[Reply]

    Jillian Reply:

    Modern historians have largely ruled out the possibility that Henry had syphilis, which writers in the nineteenth century suggested.

    The main reason for this is that we have quite extensive medical records about the various treatments he received throughout his life, and there is no mention of mercury, which was the standard remedy for the disease at the time. In addition, there were no contemporary rumours that Henry had syphilis, which there surely would have been if he had suffered from it, as there were with Francis I of France.

    Dawn’s suggestion of diabetes certainly sounds more plausible. Whatever the cause, Henry’s record of fathering children was markedly poorer than that of contemporary rulers, despite the fact that he had so many wives. It strongly suggests that he, rather than his queens, was the problem, despite his efforts to shift the blame!

    [Reply]

    Tania Reply:

    Yes, Jillian, don’t worry I am aware of the lack of mercury use in H8’s medical records. I’ve given this much thought and wouldn’t miss such a piece of evidence. That there was no mention of mercury does not mean Henry didn’t have syphilis! All it means is that there is no record of him being on mercury. It is incorrect to conclude from that that syphilis can be ruled out, when really a proper researcher can ONLY deduce from that that is if Henry did receive mercury, there is no record of it. I hope you understand what I mean; to rule out syphilis based on that would be erroneous and only a poor researcher would conclude so. It doesn’t prove Henry didnt have syphilis, but is simply a circumstantial piece of evidence that does fairly denounce the ‘syphilitic King’ myth. To claim Henry was definitely syphilitic is wrong, as is to conclude he definitely wasn’t. We just don’t know.

    As I said, it is an incredibly complex disease, and even experts on it (and there’s few given its lack of relevance in our post-penicillin age!) still have ifs, maybes and possibly’s dotted through their research. The fact is the disease had largely become rare and irrelevant by the time our medical profession had become really modern and amazing. Ethics boards of course mean that extensive research into the latter stages of the disease are almost impossible. I believe there were some highly unethical disgraceful experiments undertaken on minorities in the US in the 50’s and 60’s in which people were unknowingly deliberately infected with the disease and studied and not treated so the mysterious latter stages could be observed as what we have is mostly medieval level doctors attempting to understand the disease in historical archives. That experiment demonstrates the desperation that researchers had toward the illness, and the lack of understanding we had of it in the modern era too.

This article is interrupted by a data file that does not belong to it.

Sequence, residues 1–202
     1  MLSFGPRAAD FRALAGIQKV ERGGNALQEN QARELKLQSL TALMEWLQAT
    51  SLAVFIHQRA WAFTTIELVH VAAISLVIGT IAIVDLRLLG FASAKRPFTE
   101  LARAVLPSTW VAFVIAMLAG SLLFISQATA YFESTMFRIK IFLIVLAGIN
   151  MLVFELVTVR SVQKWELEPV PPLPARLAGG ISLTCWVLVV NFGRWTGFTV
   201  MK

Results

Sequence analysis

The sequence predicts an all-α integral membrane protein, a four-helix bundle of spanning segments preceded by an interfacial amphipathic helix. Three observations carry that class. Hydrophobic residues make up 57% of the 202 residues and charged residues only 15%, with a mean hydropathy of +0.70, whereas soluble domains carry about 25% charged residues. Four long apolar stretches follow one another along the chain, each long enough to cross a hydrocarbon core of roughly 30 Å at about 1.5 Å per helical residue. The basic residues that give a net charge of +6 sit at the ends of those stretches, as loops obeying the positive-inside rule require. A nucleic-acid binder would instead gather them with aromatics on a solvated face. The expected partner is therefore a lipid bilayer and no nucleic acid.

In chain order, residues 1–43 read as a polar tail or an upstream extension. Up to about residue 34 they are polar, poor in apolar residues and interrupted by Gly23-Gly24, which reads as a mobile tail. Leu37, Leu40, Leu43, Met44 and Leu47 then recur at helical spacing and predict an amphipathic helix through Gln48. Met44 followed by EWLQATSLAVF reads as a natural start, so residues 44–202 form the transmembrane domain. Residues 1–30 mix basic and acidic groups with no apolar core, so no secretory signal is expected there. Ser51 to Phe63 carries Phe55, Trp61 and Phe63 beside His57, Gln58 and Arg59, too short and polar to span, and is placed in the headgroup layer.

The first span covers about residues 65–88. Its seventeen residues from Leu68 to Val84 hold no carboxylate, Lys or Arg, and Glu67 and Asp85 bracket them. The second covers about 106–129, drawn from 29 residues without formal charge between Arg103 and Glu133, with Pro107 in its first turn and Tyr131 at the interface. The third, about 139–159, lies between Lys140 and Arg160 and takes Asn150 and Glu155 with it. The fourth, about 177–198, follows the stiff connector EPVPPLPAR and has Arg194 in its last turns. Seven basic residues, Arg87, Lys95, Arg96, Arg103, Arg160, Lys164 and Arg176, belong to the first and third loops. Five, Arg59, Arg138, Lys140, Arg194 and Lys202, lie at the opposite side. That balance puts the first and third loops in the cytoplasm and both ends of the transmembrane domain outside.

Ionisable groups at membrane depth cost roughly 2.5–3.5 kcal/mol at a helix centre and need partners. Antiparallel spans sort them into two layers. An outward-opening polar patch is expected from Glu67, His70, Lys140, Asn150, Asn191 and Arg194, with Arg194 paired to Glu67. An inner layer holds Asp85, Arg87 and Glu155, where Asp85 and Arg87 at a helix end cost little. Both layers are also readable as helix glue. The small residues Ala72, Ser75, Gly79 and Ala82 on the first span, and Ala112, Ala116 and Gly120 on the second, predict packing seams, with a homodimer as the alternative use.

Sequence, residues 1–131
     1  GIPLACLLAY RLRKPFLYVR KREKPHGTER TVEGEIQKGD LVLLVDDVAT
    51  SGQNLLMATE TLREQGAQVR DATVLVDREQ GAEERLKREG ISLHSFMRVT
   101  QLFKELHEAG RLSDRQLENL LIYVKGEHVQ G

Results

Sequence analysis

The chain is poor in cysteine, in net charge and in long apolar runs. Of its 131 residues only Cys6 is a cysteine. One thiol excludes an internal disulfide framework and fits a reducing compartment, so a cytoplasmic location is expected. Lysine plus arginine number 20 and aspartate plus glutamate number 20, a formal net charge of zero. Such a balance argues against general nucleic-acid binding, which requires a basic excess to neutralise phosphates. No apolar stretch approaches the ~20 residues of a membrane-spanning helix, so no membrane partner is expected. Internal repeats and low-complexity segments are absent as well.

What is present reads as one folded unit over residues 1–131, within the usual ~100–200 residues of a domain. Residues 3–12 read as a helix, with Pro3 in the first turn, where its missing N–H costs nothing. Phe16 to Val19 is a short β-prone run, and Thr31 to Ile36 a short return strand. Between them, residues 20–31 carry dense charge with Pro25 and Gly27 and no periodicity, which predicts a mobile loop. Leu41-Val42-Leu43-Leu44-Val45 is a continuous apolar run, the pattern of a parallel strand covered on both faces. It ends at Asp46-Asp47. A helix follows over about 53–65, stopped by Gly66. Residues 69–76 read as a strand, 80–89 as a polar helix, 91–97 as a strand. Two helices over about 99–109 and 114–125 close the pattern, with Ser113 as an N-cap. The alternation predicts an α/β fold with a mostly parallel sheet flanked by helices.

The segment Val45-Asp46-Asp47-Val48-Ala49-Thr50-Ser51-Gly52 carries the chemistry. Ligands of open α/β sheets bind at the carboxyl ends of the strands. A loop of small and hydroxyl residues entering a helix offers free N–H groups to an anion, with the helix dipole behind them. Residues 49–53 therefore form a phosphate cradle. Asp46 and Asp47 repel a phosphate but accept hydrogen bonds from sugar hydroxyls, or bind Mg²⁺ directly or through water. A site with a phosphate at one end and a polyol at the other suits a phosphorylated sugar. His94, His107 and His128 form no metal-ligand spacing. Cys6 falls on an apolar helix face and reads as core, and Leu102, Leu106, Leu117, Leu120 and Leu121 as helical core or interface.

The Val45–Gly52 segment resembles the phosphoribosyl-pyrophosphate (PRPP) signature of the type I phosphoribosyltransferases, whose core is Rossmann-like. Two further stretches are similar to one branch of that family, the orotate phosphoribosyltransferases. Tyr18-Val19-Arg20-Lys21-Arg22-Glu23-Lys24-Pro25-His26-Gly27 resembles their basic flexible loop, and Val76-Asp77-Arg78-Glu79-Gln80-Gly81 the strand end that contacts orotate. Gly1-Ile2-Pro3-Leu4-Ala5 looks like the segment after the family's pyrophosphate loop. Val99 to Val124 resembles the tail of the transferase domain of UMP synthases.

The thing is, it doesn’t matter that Henry was never treated as such, because as I said, in many cases, people remained blissfully unaware of the disease. They might get some mild symptoms and the (painless apparently) genital chancre, but for many sufferers that was it! It is entirely possible that these symptoms either a) went unnoticed by Henry or b) were deemed unimportant by Henry and/or his physicians or c) Henry noticed the symptoms and was embarrassed and unaware of the seriousness and forgot it when that was it and he got better, and even possibly d) Henry’s doctors misdiagnosed the disease and treated it otherwise. The latter possibility is certainly plausible! Truth is that people in those times generally had a better chance of survival if they avoided doctors altogether; doctors were really playing a terrible guessing game and probably only rarely diagnosed a condition correctly! Even if they managed such, their treatment would 9 times out of 10 make the condition even worse! If lucky the patient would escape without too much harm done!

    To reiterate the complexity of syphilis, I must stress that the disease has exhibited an amazing ability to ‘work its way out of the system’ somehow. We know this because people often got over one bout and went on to be infected twice, thrice! I also must add that one can be a virgin and have the disease. Congenital syphilis was an enormous problem and as I said, left many families with these ‘empty gaping holes’ in their family trees. Genealogists, when they see that pattern, immediately look to syphilis as a possible culprit. I also need add that it may not be the case that Columbus’ ship brought the disease to Europe. It’s possible the disease existed before that period in Europe, which opens up the possibility of our principal players having congenital syphilis (I had previously ruled this out based on the Columbus theory and the birthdates of KOA and Henry).